Russia should make sure the region is inspected every three years, said Vyacheslav Shershakov, the Russian leader of the scientific expedition. Sampling should be expanded and any possible impact on the food chain looked at, he said.
The catalog of atomic material dumped in the Kara Sea includes liquid, reactors, spent nuclear fuel, 19 ships carrying solid waste and 17,000 containers, according to the NRPA. The content of many is unknown, Yablokov said.
Some of the containers were shot with machine guns to sink them when they floated in the water, he said. “We know more or less precisely where the largest objects have been dumped,” he said. Oil exploration is unlikely to be affected if it stays away from the shallow waters next to Novaya Zemlya, he said.
Norway’s Statoil ASA and Eni SpA of Italy have set up joint ventures with Rosneft to explore in the Russian area of the Barents Sea, a larger body of water next to the Kara Sea, where the Soviet Union also dumped liquid waste. The partners are targeting about 15 billion and 26 billion barrels of oil and gas resources respectively.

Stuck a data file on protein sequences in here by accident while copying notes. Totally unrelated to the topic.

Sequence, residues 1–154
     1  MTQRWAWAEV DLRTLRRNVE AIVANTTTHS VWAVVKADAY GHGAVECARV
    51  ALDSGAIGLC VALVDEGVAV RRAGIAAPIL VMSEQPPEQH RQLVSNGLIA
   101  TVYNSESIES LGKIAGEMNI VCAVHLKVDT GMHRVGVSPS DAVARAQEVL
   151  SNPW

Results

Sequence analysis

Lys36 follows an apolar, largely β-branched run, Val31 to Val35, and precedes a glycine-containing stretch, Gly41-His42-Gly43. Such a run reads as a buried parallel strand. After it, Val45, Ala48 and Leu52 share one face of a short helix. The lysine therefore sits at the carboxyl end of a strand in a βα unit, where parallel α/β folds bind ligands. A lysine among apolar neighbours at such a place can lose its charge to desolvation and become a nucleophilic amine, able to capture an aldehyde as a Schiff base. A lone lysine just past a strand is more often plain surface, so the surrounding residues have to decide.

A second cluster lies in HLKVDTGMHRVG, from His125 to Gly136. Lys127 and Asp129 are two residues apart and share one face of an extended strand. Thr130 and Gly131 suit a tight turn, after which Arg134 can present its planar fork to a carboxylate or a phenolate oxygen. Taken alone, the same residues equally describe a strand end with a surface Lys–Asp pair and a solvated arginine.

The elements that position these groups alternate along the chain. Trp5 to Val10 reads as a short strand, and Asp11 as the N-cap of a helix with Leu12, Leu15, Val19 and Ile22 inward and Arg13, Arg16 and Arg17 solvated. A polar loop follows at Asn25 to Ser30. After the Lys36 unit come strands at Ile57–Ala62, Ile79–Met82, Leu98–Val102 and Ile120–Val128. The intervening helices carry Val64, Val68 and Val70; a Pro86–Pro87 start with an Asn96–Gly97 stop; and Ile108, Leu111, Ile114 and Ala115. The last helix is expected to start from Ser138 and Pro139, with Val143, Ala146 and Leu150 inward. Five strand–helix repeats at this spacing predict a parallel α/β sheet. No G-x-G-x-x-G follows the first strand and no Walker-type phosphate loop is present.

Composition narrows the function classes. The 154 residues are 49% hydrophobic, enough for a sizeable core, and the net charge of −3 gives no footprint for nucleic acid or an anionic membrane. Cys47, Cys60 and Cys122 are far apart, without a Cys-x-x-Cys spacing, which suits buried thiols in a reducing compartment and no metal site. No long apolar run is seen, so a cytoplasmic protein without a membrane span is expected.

“Companies are turning to frontier areas for new resources as conventional production regions like the North Sea have matured,” said Stuart Joyner, an Investec Securities Ltd. analyst in London. “International oil companies are being offered concessions in the Arctic because Russian companies like Rosneft don’t yet possess the technological capability to explore alone.”
Statoil will invest about $2.5 billion in initial exploration with Rosneft, including additional areas in the Sea of Okhotsk. “We do not expect nuclear waste issues to hinder the joint exploration,” Baard Glad Pedersen, a spokesman at Statoil, said by e-mail.
Eni and Rosneft plan to drill the first well in Russian areas of the Barents Sea before 2020, according to Rosneft. A spokesman at Eni declined to comment.
To contact the reporter on this story: Eduard Gismatullin in London at email@example.com